Church Adopts Airbnb Mode

Since the start of the pandemic, many congregations are finding themselves in situations similar to Cullen’s. Grappling with decreased budget and fewer attendees, congregations around the world are looking for new streams of revenue.

Following the death of Cullen Missionary Baptist Church of Houston’s long serving pastor, the congregation began to struggle financially. Current pastor Andre Jones said, “We had more space than we knew what to do with and didn’t have the people or resources to pay for it.”

So the congregation turned to a new emerging app called Church Space. Similar to the app Airbnb, Church Space allows congregations to rent their sanctuaries, fellowship halls and kitchens to other congregations and organizations.

“Without Church Space, I don’t know if we would still be here,” said Jones. “Those funds and resources that came in have been lifesaving.”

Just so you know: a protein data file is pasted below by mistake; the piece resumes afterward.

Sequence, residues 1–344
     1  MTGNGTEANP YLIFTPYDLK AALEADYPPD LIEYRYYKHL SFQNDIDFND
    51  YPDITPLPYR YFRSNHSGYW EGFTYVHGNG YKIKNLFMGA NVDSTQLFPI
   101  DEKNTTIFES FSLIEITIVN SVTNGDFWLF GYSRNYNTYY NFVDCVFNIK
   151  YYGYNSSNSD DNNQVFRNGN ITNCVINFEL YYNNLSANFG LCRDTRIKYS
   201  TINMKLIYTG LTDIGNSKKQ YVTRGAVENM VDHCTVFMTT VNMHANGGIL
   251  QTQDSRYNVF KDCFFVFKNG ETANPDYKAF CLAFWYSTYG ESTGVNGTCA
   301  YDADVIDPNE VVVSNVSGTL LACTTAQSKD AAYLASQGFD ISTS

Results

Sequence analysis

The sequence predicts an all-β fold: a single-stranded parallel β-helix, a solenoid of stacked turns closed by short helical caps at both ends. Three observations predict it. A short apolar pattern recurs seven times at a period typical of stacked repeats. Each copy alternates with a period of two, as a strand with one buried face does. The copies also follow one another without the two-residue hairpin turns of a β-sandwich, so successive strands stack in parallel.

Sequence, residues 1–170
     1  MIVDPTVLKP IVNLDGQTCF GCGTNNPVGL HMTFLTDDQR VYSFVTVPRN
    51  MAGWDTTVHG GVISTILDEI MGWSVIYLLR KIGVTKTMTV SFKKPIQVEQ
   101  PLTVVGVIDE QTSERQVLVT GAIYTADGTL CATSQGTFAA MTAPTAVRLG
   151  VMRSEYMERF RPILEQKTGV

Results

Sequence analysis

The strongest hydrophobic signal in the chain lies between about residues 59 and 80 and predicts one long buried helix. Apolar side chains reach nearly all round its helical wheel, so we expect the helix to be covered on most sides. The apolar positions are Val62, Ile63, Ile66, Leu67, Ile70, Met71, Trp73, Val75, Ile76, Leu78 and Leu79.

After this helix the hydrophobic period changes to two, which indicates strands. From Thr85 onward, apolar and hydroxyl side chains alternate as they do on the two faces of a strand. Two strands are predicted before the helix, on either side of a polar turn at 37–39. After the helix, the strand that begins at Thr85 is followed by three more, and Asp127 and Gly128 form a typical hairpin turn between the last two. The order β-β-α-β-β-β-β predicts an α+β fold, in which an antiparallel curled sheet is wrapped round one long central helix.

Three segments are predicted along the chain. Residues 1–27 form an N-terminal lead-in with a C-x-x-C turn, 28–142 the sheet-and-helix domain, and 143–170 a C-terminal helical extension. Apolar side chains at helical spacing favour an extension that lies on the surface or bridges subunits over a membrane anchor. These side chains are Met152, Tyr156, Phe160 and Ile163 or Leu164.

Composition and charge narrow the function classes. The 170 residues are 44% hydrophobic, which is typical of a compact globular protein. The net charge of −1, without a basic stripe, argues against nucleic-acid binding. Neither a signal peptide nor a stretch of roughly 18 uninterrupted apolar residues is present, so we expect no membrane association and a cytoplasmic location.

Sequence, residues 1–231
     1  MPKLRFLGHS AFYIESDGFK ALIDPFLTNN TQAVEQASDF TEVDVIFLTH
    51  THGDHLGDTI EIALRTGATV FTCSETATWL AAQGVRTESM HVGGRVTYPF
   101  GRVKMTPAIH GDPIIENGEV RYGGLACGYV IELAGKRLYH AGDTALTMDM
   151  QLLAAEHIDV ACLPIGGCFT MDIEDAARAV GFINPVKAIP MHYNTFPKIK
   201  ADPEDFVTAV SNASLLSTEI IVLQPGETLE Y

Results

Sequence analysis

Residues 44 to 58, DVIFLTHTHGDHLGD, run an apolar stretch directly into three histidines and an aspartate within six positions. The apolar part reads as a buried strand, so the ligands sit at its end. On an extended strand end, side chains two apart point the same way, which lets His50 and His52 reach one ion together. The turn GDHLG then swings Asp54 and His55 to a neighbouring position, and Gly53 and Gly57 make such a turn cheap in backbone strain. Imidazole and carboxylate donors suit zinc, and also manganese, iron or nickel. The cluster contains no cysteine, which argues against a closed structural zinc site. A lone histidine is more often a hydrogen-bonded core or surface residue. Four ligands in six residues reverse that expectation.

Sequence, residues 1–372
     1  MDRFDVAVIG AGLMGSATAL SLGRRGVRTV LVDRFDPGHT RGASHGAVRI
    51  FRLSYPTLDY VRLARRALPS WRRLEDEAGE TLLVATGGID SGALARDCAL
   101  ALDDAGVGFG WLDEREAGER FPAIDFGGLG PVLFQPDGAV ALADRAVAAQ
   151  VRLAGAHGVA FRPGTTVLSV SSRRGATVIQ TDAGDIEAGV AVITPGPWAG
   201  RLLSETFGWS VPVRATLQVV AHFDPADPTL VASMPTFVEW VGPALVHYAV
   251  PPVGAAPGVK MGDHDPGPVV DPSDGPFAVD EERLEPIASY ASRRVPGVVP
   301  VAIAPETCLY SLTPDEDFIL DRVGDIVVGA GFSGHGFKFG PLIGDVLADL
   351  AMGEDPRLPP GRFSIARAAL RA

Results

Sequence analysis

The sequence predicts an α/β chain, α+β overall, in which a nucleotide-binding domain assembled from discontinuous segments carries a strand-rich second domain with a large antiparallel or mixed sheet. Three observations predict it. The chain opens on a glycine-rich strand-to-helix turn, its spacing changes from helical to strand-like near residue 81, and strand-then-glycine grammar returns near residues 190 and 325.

Some congregations at the height of the pandemic rented offices and classroom space for those working and learning remotely. Since March of 2020, Church Space has grown from 45 renters and churches to more than 3,700.

Church Space co-founder Day Edwards said, “We have also unfortunately seen a 200 percent increase in funeral rentals.”

Edwards and her co-founder, Emmanuel Brown, launched Church Space in 2019 in Houston, Texas. On average congregations in the initial pilot program earned $23,000 to $38,000 in their first year, according to Edwards.

Currently, Church Space has about 150 host sites across the United States but tends to be concentrated across the Southeastern United States.

Brown, a pastor by profession before starting Church Space, said it’s a good option to help congregations struggling financially identify additional prospective streams of income.

Interested in giving it a try? Learn more about Church Space by visiting https://www.bookchurchspace.com/

Source: Baptist Standard